Scratchy voice

A few years ago, I used to try to call my grandmother on Sundays, and often when she answered her voice would be thick and scratchy. She’d clear her throat and explain that she hadn’t spoken to anyone all weekend, and so her voice wasn’t clear.

It is the same with writing–when the words haven’t come through our hands in awhile, they feel a bit clogged and it’s hard to get them out. The only remedy, I think, is to just start. To trust that our voice will find itself if we just start using it again.

I don’t think I wrote about it directly, but I began this year with a vow that I would not end the next one as I’d ended the previous three. I suppose if I had the gift of foresight and were still interested in such things as choosing a word for the year, mine for 2018 would have been “grief.” I knew, on New Year’s Eve, that things needed to change–and I changed them–but change is always ending and ending (at least for me) always has at least some element of grief to it.

In the months since I last wrote here, I left the home that was always more dream than simply a place to live. I lost the grandmother I used to call weekly (and then wrote to weekly), ending my run as a grand-daughter. I made and put into place a plan for finishing my career. I’m living in a place of more questions than answers, which is perhaps how life should always be, but it’s new for me. I am wading in as much possibility as loss, but sometimes all I can see is empty horizon. Sometimes I get knocked down by sneaker waves of sadness or anger. But other times I walk in deep enough to release my legs and float. It’s good to remember that floating is an option, always.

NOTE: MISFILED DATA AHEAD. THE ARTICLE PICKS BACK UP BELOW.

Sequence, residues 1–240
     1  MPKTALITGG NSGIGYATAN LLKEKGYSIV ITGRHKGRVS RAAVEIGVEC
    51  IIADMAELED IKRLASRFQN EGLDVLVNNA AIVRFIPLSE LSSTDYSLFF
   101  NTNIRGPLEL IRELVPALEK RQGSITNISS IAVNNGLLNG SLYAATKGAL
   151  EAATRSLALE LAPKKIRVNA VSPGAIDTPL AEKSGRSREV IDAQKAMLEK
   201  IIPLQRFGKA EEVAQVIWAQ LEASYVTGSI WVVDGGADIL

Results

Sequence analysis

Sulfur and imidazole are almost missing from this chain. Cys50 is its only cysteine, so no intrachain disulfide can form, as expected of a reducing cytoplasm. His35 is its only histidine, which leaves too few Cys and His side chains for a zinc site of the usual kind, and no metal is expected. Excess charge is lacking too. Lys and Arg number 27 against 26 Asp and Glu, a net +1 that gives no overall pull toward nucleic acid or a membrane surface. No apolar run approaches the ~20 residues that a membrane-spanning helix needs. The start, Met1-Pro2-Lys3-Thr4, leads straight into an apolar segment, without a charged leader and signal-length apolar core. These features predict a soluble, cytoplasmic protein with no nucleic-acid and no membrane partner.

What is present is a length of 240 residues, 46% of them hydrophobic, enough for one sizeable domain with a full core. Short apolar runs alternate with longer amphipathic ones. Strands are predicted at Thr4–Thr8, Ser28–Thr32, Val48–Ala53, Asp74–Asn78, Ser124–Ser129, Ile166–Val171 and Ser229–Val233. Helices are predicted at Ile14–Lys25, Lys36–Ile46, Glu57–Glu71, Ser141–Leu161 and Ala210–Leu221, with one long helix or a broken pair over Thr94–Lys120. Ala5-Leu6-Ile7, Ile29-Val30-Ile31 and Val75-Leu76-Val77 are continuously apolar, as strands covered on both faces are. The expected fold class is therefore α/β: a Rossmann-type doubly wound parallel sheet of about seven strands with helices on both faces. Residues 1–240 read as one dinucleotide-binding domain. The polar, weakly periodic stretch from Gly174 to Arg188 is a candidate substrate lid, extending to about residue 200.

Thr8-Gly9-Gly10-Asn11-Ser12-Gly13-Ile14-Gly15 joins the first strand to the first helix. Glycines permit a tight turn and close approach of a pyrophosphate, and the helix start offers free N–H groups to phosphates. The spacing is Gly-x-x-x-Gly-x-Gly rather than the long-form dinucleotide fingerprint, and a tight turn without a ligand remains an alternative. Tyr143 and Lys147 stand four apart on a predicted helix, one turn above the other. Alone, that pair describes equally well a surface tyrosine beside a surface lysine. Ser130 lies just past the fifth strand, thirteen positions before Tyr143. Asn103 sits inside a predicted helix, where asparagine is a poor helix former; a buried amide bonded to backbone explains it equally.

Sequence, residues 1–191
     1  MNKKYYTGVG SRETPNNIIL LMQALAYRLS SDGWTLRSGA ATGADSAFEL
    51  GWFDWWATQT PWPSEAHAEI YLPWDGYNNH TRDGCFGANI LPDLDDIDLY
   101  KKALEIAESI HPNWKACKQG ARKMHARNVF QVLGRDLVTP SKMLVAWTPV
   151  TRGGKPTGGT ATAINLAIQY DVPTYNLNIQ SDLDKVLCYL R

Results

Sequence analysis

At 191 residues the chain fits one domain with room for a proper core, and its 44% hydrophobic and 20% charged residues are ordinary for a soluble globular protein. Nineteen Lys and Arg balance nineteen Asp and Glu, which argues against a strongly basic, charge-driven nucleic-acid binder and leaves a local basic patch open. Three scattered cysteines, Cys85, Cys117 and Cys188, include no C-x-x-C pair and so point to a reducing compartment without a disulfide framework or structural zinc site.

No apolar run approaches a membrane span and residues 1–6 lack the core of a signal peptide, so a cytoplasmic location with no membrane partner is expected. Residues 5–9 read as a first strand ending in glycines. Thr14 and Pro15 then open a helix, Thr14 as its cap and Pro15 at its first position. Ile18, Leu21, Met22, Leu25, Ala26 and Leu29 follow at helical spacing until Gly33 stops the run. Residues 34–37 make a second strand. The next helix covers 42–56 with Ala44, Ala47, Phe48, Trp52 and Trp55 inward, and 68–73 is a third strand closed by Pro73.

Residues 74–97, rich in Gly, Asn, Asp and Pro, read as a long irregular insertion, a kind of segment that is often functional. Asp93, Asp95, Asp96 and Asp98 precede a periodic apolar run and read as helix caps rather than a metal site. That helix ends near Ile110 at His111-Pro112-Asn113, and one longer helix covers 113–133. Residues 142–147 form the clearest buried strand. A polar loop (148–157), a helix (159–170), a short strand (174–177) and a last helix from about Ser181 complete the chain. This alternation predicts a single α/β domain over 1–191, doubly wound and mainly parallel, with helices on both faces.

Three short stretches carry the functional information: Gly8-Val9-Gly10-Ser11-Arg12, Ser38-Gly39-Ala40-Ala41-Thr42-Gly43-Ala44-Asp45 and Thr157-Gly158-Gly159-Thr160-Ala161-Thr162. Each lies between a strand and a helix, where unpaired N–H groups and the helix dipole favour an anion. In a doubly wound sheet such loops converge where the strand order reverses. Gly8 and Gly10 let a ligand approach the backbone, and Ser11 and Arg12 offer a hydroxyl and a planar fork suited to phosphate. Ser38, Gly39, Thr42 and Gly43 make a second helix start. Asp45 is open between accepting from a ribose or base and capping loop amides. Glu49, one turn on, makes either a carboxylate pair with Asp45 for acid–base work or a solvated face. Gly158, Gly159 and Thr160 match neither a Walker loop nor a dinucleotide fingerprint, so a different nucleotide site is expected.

This isn’t much of a post, but it’ll do. Off to unpack some boxes and put up some shelves and pull some weeds.

 

17 thoughts on “Scratchy voice

  1. Marian says:

    It’s so nice to see this post, Rita. I completely agree — the only remedy (for too-long-quiet, for too-long-anything, really) is to begin again, which is a heckuva lot easier to say than it is to actually pull off. That takes courage and hope and (metaphorical) swimming. (Not that you’ll ever hear me knocking floating!)

    I’m so sorry to hear you lost your grandmother. Sending you a hug.
    xo Marian

  2. Kari Wagner Hoban says:

    I am so glad you are back. I am so sorry about your grandma. There are so many thoughts there that I want to talk about but the one that sticks with me is when you mention your run as being a granddaughter being over. No one ever thinks of it in those terms, but that is a huge statement. It’s also a huge life change. I have been grandparent-less for over a decade now, and my life is different. You’ve inspired me to possibly write a post about that, so your presence is needed in the blog world.

    Love you, my friend.

    • Rita says: